Also with Decision LZ150207, I had a great idea that I didn’t act on for a long time. It just sat in my brain and played itself over and over again until its demands to be written were greater than all of the other demands on my time. It was probably some of the least painful writing I’ve done, but that idea had a lot of time to die. It surprised me that it stayed alive.

What I’m wondering is this: if, in a flash of the mind, you get this idea that you think is really good for a story, is it better to focus on that idea right away, to at least start the story before the idea fades and is forgotten, or is it better to wait and not write until something just comes to you?

So…Freaking…Tired…my knee jerk reaction is to say that you should run with what you’ve got. And that’s why work on the novel is going to take the backseat until I figure out if the idea works or not.


3,000 Words Today

Yeah, I did about 3,000 words in The Lost Colony today.  I’m just about caught up to the place where I was before I decided to rewrite the first chapter.  About a third of that was cut and pasting from the previous part, but I did have to substantially edit it.

The funny thing is that it was a struggle to get myself settled down and actually writing, but once I did, the time flew by like nothing and so did the words.  Last night, I didn’t write anything because it was late and I was very tired, and I figured that it would be better to make it up today.  I figure that goals are only useful if they push you to the best possible end.  They’re not there to make you feel guilty or satisfied, they’re there to get you to do something.  If I get overly swamped with schoolwork, or a family death happens, or I’m in desperate need of sleep, I’m not going to make myself spit out 500 words of forced prose.  Apparently, I’m not the only one thinking or saying this.  (I highly recommend Mur Lafferty’s podcast, by the way.)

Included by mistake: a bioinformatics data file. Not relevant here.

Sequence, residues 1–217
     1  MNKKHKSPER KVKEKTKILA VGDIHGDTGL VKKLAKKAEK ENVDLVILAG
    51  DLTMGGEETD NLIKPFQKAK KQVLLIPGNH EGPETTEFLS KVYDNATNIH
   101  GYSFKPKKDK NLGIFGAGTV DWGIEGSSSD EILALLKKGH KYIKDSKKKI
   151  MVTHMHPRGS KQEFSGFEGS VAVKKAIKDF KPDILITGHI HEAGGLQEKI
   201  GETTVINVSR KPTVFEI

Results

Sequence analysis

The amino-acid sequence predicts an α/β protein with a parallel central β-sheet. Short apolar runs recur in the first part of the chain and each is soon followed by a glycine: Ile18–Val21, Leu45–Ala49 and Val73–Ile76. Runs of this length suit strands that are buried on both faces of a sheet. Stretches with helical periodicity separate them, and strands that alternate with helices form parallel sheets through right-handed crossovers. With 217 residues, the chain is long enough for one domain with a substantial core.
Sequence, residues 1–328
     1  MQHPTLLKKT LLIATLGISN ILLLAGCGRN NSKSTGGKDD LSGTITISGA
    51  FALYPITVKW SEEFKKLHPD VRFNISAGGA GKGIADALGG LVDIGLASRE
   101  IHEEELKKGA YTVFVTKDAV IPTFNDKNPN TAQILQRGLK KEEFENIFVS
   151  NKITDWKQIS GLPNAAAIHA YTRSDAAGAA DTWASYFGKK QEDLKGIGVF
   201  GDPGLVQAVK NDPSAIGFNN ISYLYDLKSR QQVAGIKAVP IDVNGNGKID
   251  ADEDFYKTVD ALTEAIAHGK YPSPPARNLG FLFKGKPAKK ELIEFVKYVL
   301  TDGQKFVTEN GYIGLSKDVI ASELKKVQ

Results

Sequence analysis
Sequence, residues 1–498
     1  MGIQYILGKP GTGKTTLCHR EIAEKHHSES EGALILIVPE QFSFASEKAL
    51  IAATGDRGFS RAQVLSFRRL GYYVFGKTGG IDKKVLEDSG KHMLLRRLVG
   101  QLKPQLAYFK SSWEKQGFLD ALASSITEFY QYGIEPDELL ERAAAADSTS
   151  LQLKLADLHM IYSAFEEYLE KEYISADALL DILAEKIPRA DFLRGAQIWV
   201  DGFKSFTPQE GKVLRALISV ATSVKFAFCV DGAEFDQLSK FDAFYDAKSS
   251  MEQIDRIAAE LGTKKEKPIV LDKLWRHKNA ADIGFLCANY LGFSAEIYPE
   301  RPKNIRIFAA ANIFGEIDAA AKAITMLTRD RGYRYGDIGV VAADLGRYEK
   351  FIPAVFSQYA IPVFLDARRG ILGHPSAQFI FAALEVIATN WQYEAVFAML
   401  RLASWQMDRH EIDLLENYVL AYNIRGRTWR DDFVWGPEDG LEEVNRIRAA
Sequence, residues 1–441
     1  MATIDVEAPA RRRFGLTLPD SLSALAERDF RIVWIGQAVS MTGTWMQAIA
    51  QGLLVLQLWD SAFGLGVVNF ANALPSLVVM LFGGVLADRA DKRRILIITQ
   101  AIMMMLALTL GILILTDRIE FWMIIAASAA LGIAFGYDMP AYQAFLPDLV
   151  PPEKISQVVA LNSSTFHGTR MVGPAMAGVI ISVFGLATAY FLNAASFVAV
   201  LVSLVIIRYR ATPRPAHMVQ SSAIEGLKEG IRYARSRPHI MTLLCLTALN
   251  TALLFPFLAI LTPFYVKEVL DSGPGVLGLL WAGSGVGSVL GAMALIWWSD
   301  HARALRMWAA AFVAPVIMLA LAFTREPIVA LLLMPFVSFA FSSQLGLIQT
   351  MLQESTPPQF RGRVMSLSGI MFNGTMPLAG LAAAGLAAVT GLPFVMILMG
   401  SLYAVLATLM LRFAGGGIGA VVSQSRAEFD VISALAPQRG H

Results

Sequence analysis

All day today, I had it in the back of my mind to sit down and write, but whenever I tried, I always distracted myself.  It was weird.  I need to get past this, but I’m not sure how.  I figure it will happen naturally as I get deeper in the story.  I think that writing is most enjoyable when you really believe passionately in the story itself.  I think that that’s also one of the best motivators for writing.  I’m sure there are others–like, for example, starvation–but when I really have a good story idea, I almost CAN’T keep from writing.  This past winter, I had this awesome story idea of a bunch of guys in someone’s brain piloting him like some kind of spaceship and helping him to overcome his fears and ask a girl out on a date.  I kept poring over the story in my mind until one day I just sat down for three hours–and voila! an entire rough draft came out beautifully!  One major edit and a few cosmetic changes later, it actually won a writing contest.  So yeah, it really helps if you’re passionate about your story!

The question is, how do you get yourself more excited about the story you’re trying to tell?

School is coming up, and I’m about to discover if I’ve got too much on my plate.  18 credit hours, advanced Arabic plus living in the Arabic house, working part time, no car (not yet–I just sold my old one), and other craziness.  Despite all this, I am very much looking forward to going back to school.  It will be exciting!  It will also be exciting to get involved in Quark again.  We’ve had some good online meetings, but only a handful of people have shown up to those (mostly just Reigheena and Aneeka).  A lot of people in the writing group have graduated, so I really hope we can bring in some new blood this semester.